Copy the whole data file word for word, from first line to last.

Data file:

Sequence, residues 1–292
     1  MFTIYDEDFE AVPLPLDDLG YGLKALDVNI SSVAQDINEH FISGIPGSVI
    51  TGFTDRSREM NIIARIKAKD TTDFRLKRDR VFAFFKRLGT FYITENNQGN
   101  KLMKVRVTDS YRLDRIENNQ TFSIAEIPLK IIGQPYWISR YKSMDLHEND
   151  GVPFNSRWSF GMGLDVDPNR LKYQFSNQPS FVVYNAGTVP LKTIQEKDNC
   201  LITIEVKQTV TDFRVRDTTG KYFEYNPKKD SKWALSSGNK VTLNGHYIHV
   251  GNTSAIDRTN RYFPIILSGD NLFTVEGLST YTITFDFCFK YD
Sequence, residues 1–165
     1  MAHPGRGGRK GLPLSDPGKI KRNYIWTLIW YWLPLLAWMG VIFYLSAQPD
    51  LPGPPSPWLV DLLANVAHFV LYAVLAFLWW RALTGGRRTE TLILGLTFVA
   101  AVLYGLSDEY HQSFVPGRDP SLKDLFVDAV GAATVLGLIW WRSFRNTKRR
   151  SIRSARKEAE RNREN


Sequence, residues 1–292
     1  MFTIYDEDFE AVPLPLDDLG YGLKALDVNI SSVAQDINEH FISGIPGSVI
    51  TGFTDRSREM NIIARIKAKD TTDFRLKRDR VFAFFKRLGT FYITENNQGN
   101  KLMKVRVTDS YRLDRIENNQ TFSIAEIPLK IIGQPYWISR YKSMDLHEND
   151  GVPFNSRWSF GMGLDVDPNR LKYQFSNQPS FVVYNAGTVP LKTIQEKDNC
   201  LITIEVKQTV TDFRVRDTTG KYFEYNPKKD SKWALSSGNK VTLNGHYIHV
   251  GNTSAIDRTN RYFPIILSGD NLFTVEGLST YTITFDFCFK YD
Sequence, residues 1–165
     1  MAHPGRGGRK GLPLSDPGKI KRNYIWTLIW YWLPLLAWMG VIFYLSAQPD
    51  LPGPPSPWLV DLLANVAHFV LYAVLAFLWW RALTGGRRTE TLILGLTFVA
   101  AVLYGLSDEY HQSFVPGRDP SLKDLFVDAV GAATVLGLIW WRSFRNTKRR
   151  SIRSARKEAE RNREN